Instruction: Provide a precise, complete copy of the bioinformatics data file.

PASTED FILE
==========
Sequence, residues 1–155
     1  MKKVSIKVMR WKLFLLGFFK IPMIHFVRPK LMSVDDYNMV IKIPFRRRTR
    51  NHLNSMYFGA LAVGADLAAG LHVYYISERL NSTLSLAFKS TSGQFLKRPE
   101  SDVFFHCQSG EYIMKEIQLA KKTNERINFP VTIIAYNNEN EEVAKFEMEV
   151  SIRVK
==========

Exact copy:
Sequence, residues 1–155
     1  MKKVSIKVMR WKLFLLGFFK IPMIHFVRPK LMSVDDYNMV IKIPFRRRTR
    51  NHLNSMYFGA LAVGADLAAG LHVYYISERL NSTLSLAFKS TSGQFLKRPE
   101  SDVFFHCQSG EYIMKEIQLA KKTNERINFP VTIIAYNNEN EEVAKFEMEV
   151  SIRVK